Monday, February 26, 2007

Recently I ended up at this bizarre nexus where an Ian Svenonius one-off disc, my nascent fascination with late-60's cult films (esp. those that rep specific "underground" cultures), Simon Reynolds, and the death of Arthur magazine all led me to the same exact book - an obscure (leastwise in America) 300+ pg. tome by Richard Neville entitled Playpower. It's weird that I've never heard of this book. Apparently it's seen as a UK analogue to Abbie Hoffman's Steal This Book, and Neville (whom you and I've also never heard of) himself was a similar sort of mischief-maker. All I know from the meager research I've done is that 1) he was involved in at least two major censorship cases, 2) he helped spearhead Oz, one of the most reknowned of 60's underground rags (perhaps second only to the East Village Other), and 3) that he's a self-described "Futurist", however he's chosen to interpret that term.

I love old texts from the front. I read once that Bob Dylan, during his unknown days, used to head up to the NYPL to read newspapers from the Civil War, and I totally understand where he was coming from.. Documents made during the time-in-question are almost always more interesting and human than the thin, reflective stuff that comes after. It's why Greil Marcus' Mystery Train was so good, why Mencken's essays are entertaining. It's why people get obsessed with old blues 45s or, hell, the first Beat Happening record. It's the difference between a museum and a zoo, you know? Death vs. life. For me, what I often get in my investigations is a sense of possibility. These old texts, they have a way of sending ripples through your reality simply by coming from a different one. It's... reassuring.

(And moreover, I love outsized personalities and spectacularly flawed alternatives to the status quo, so I'm hoping I'll get a whiff of that here as well.)

So anyway, I bought that book for like $17. What else is going on in my life?:
1) It looks as though I'm going out on what could be reasonably called a "date" later this week. Details forthcoming, maybe.
2) I'm getting a free haircut - a free professional haircut, I should add - this Thursday.
3) I'm designing Fanatic's advertising for SXSW.

And that's it.



Sunday, February 04, 2007

Today I saw Children of Men, the latest film by Alfonso Cuarón, with my friend Carmiel. Cuarón's directing was magnificent, but I'm still in deliberations about the story. The movie - and this is completely reducing it, of course - is a sort of magical-realist dystopian what-if, with all of the good and bad that would attend such a description. I'm not going to get into specifics, but what I especially admired in the film was Cuarón's effort to make it seem real. It did the trick. It's worth a viewing.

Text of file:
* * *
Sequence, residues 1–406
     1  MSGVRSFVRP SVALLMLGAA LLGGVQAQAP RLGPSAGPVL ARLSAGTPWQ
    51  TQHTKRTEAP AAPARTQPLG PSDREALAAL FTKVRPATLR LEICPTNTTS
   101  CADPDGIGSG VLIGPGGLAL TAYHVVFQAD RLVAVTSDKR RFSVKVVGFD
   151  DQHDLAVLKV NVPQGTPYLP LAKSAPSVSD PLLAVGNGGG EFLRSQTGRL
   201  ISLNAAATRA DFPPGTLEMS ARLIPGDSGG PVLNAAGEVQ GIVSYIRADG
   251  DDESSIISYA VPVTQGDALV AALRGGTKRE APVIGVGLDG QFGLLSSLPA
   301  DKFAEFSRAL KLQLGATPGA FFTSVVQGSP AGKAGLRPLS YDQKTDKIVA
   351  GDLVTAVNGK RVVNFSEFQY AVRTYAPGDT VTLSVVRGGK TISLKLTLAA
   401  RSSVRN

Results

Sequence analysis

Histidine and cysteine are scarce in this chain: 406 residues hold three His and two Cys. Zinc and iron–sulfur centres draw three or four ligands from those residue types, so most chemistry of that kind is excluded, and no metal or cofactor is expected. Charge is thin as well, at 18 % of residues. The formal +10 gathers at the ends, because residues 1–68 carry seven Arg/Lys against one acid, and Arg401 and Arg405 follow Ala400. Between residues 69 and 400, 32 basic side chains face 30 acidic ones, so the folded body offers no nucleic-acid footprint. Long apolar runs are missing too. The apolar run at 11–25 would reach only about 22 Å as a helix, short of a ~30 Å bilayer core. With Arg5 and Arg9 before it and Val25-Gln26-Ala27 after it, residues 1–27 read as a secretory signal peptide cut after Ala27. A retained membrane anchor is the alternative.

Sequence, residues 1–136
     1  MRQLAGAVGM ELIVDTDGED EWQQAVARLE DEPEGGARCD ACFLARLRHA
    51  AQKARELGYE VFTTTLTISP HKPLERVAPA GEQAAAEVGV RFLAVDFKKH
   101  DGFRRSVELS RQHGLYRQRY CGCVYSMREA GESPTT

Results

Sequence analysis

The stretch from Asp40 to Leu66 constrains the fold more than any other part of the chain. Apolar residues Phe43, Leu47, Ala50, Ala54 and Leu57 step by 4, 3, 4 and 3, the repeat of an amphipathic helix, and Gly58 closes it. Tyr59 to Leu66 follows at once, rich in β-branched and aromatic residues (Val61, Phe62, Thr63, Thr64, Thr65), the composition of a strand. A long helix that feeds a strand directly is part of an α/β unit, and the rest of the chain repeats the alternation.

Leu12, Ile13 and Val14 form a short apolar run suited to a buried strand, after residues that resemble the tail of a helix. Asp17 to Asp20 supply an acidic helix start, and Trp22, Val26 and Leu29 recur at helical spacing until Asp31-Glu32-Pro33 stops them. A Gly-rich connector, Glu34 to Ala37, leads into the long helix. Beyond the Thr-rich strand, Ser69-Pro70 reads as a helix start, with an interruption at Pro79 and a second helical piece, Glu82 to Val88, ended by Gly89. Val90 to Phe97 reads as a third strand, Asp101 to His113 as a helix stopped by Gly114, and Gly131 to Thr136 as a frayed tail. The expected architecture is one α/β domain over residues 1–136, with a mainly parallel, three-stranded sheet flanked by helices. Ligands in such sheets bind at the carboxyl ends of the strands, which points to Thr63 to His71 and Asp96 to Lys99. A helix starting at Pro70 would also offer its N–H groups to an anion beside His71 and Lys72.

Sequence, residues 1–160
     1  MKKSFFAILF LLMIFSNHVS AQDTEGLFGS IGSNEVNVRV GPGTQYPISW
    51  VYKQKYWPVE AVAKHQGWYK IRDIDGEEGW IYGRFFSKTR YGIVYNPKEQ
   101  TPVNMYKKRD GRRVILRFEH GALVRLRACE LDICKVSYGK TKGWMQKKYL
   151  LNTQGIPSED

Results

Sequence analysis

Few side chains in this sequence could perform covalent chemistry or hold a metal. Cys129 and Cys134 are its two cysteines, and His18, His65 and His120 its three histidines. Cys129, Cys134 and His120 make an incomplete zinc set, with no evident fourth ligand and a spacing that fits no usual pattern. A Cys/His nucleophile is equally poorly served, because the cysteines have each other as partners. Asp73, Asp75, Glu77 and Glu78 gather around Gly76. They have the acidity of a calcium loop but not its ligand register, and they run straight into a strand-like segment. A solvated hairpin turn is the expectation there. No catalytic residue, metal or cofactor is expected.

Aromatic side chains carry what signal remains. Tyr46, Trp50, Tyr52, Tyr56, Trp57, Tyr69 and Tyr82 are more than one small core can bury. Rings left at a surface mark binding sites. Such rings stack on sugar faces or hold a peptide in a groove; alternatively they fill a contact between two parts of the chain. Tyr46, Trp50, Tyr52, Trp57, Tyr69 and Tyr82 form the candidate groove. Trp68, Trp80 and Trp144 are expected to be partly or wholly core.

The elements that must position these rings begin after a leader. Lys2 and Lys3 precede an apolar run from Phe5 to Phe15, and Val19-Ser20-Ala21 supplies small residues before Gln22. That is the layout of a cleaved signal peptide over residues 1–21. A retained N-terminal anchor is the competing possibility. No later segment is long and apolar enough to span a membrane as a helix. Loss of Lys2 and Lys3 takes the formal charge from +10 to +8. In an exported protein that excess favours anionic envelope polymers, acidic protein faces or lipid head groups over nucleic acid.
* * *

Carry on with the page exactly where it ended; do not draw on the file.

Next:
After that, I headed down to Park Slope to pick up my guitar. I've been stashing it, along with my amplifier, at my friend Anne's house. It's nice to have it around again. Hopefully I can start making some use of it tomorrow. I'm in this weird almost-demoing-but-not-quite stage right now... I practice piano occasionally and I play with Ableton, but I haven't turned out anything like a song lately.

I came home and made some soup with my roommate Brian (also known as Tom). I'm taking steps to get more comfortable with the kitchen right now, as it will both make my roommates happier with me and save me some money. The soup was a hodgepodge, but it worked exceptionally well for my debut homemade soup (the first I've ever made, I might add). It consisted of carrots, potatoes, celery, scallions, red onions, parsley, garlic, ginger, bay leaves, cumin, and of course liberal salt and pepper. We used vegetable oil in lieu of olive oil as it was unavailable. The resulting mix had a nice amount of crunch - crunch is essential in soups - and bite, which I believe derived chiefly from the ginger. After two bowls apiece we still had several containers of it left, so it should last a few days.

More generally, I've been under the weather lately. My allergies are acting up for reasons unknown, leaving me a sniffly vacuum-sinused mess. In fact, the activities detailed above were largely to "soldier through this," with the soup in particular designed as a possible curative. (Thus the ginger and garlic.) All in all the tactic worked, I think. I do feel better. Hopefully this marks the falling motion of the illness.


PS. If you're reading this, you should check out the new album by Panda Bear. It's really phenomenal.